Guardians of the Galaxy Vol. 2 picks up right where its predecessor left off both story-wise and in regard to its timeline. Just a few months or so after the a-holes saved the galaxy and became a family, Peter Quill, Drax, Gamora, Rocket, and Groot embark on a new adventure that does something most sequels don’t really do. Rather than go bigger and double down on beloved set pieces of the first film, Guardians of the Galaxy Vol. 2 goes smaller and more introspective.
Comparisons will undoubtedly be made to the first two Star Wars movies. The first Guardians was a rollicking space adventure that lampooned the hero’s journey (specifically the “chosen one” trope) and won a lot of hearts through surprise in its ensemble storytelling. It was A New Hope, but for a new generation. In the same way, director and writer James Gunn clearly crafted this follow-up to be Empire Strikes Back, but not really in terms of being “the dark one” where everything goes wrong so the third movie can wrap things up. No, Vol. 2 is very much a standalone sequel, as Dave Schilling poignantly put it in his review.
The story this time around follows the Guardians of the Galaxy taking on a big mercenary job for a group of gold-skinned “conceited douchebags,” capitalizing on their newfound fame as “one-time galaxy savers.” Thanks to some mischief from Rocket, however, the team is chased through a dangerous asteroid field (one of many clear homages to Empire that’s played for laughs) and forced to crash on a nearby planet.
The team splits up at that point (Empire, again) and gets hounded by some old favorites from the previous movie. Yondu and his Ravagers are after the Guardians again and Nebula has Gamora-sized tunnel vision, looking to settle their sibling rivalry over one last fight to the death. There are some other big developments, including Peter’s own struggle with some planet-sized daddy issues that were hinted at during the end of the first film, and there’s a subtler twist going on with Drax, who has become the de-facto heart of the crew in surprising ways, pairing up with newcomer “empath” Mantis for some of the film’s best moments.
In some ways, Vol. 2 is as much a paradox of space opera as it is a parody of it. The heroes of the film go to far fewer locations, the main threat of the film is more ambiguous this time around, and even the mixtape has been altered as a plot device. In the first Guardians, “Awesome Mix” was a clever musical tool used to illustrate moments when the team would gel together and prepare for their best moments. It was loud, fun, lively, and reflective of the movie’s tone. The music in this film truly acts as a “B-side” with some tracks that are less familiar, but also deeper. Gunn has crafted a personal story that departs from a lot of what fans loved about the first film by giving them something they might not have known they wanted.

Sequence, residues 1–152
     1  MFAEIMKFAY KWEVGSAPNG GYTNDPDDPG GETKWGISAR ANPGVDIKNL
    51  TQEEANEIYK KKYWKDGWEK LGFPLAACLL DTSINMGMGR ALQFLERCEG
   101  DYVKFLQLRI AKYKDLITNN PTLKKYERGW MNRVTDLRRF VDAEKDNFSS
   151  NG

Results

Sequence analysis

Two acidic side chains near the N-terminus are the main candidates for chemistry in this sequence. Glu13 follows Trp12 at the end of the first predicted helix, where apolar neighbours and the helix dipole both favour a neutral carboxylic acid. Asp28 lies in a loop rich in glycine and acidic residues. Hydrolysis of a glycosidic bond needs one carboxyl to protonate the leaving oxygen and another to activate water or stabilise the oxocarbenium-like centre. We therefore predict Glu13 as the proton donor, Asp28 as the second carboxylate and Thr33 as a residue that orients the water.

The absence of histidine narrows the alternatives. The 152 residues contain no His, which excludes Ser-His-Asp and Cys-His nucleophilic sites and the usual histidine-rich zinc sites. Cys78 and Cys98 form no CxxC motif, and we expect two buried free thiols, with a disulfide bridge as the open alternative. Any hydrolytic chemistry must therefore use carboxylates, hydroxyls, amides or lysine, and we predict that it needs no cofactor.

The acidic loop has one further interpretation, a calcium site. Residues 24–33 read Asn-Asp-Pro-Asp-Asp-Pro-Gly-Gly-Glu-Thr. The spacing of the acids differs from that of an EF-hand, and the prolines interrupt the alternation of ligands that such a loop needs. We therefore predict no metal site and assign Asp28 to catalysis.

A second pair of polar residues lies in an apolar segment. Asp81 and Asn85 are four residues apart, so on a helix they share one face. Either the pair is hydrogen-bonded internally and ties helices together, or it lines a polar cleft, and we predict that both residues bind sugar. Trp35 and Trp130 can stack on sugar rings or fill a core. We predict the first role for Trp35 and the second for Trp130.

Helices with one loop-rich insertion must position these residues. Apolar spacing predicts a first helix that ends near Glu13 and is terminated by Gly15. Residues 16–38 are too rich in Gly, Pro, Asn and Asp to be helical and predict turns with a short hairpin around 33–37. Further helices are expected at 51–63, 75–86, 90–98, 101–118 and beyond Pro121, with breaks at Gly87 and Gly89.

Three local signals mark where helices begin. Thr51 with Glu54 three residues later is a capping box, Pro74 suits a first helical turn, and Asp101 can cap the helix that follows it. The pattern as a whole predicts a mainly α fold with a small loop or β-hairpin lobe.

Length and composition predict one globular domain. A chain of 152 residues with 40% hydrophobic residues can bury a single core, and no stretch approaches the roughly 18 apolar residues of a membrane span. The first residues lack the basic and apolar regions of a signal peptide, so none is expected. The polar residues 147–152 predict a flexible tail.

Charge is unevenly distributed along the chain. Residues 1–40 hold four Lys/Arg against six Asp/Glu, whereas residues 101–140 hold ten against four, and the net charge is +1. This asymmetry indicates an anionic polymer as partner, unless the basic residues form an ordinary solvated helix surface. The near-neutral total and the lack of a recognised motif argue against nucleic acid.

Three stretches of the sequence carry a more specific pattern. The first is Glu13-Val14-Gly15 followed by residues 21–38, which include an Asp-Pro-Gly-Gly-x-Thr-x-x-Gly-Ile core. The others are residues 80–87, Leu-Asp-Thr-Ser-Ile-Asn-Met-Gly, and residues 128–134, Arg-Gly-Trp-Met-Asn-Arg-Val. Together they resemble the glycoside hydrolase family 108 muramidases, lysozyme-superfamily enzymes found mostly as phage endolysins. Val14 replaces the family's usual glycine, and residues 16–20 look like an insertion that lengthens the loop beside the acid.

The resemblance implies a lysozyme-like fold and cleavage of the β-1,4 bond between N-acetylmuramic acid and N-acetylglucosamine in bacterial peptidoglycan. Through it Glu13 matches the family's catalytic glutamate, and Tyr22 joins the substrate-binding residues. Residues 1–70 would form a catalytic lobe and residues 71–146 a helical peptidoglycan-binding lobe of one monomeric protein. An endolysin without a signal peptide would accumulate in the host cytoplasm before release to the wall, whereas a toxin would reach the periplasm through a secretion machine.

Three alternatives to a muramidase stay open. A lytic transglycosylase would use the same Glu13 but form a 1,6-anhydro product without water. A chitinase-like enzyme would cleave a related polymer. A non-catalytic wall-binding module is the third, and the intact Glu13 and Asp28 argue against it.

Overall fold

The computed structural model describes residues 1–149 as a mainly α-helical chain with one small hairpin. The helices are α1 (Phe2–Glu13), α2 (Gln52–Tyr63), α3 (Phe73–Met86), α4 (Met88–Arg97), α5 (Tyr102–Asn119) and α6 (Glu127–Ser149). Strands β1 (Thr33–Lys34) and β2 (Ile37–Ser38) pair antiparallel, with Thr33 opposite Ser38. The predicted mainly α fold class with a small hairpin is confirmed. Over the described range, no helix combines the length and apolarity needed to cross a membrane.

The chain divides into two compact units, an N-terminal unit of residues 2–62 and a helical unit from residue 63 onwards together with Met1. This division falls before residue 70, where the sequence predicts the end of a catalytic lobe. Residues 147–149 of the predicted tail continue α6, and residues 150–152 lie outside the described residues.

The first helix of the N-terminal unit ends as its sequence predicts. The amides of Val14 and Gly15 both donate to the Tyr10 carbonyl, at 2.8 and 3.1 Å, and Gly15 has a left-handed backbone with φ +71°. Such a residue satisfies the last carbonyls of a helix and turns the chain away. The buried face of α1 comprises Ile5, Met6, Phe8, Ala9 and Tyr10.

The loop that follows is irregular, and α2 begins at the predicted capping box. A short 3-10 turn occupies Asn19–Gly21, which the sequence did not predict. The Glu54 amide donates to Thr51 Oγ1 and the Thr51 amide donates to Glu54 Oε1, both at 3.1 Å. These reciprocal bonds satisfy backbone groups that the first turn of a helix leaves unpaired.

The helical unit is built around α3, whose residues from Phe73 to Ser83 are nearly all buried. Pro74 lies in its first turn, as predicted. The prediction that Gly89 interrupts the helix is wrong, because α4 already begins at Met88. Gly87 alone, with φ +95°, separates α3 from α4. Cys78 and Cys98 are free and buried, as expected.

For some, that will amount to major criticism over Vol. 2 being a massive departure from much of what worked in the first film. Yes, the humor is still there in force, but in almost every other respect, Vol. 2 tries hard to make you feel something new about these characters, the universe they inhabit, and what you’re generally looking at. I’m not sure space have ever looked so beautiful the way Gunn and his team see it, rivaling Doctor Strange for sheer insanity in its colorful vignettes of time and space. The paradox, though, is in how these characters are ultimately simpler than the intricate comic-lore heavy environment they inhabit, just as this story tends to be at times, for the better.
That’s probably Vol. 2‘s greatest asset. It exists solely to exist on its own terms, not as a crowd-pleaser or recapturing of previous success. Despite releasing in May, it still aims to be an “August movie.” It does what most sequels should aspire to accomplish in the same situation, especially when following one of Marvel’s best films, period. Vol. 2 is technically a better film and a must-watch for Marvel fans, but more importantly, it’s a great example of how successful a film can be when put in the loving hands of a trusted visionary who doesn’t really care what detractors may think.
- There are something like five “extra” scenes during the credits and then one at the very end. Some are pure fun while others are fantastic hints at big Marvel movies to come. The credits themselves are also good fun.
- I didn’t speak much on Baby Groot, but that’s really just because he’s fittingly used as pure comic relief. It makes sense considering Baby Groot actually has the mind of a toddler, and any story arc they might have tried to force on the character would have felt forced and wasteful.
- I also didn’t get into any of the film’s major flaws, and that’s honestly because they’re mostly nitpicks. The second act, for example, drags a bit and some of the twists are entirely too predictable. But it all still works enough to recommend.
- I didn’t get a chance to list any of the cast above, so here they are: Chris Pratt as Peter Quill, Zoe Saldana as Gamora, Dave Bautista as Drax the Destroyer, Vin Diesel as Baby Groot, Bradley Cooper as Rocket, Michael Rooker as Yondu Udonta, Karen Gillan as Nebula, Pom Klementieff as Mantis, Kurt Russell as Ego, Elizabeth Debicki as Ayesha, Chris Sullivan as Taserface, Sean Gunn as Kraglin, and Sylvester Stallone as Stakar Ogord.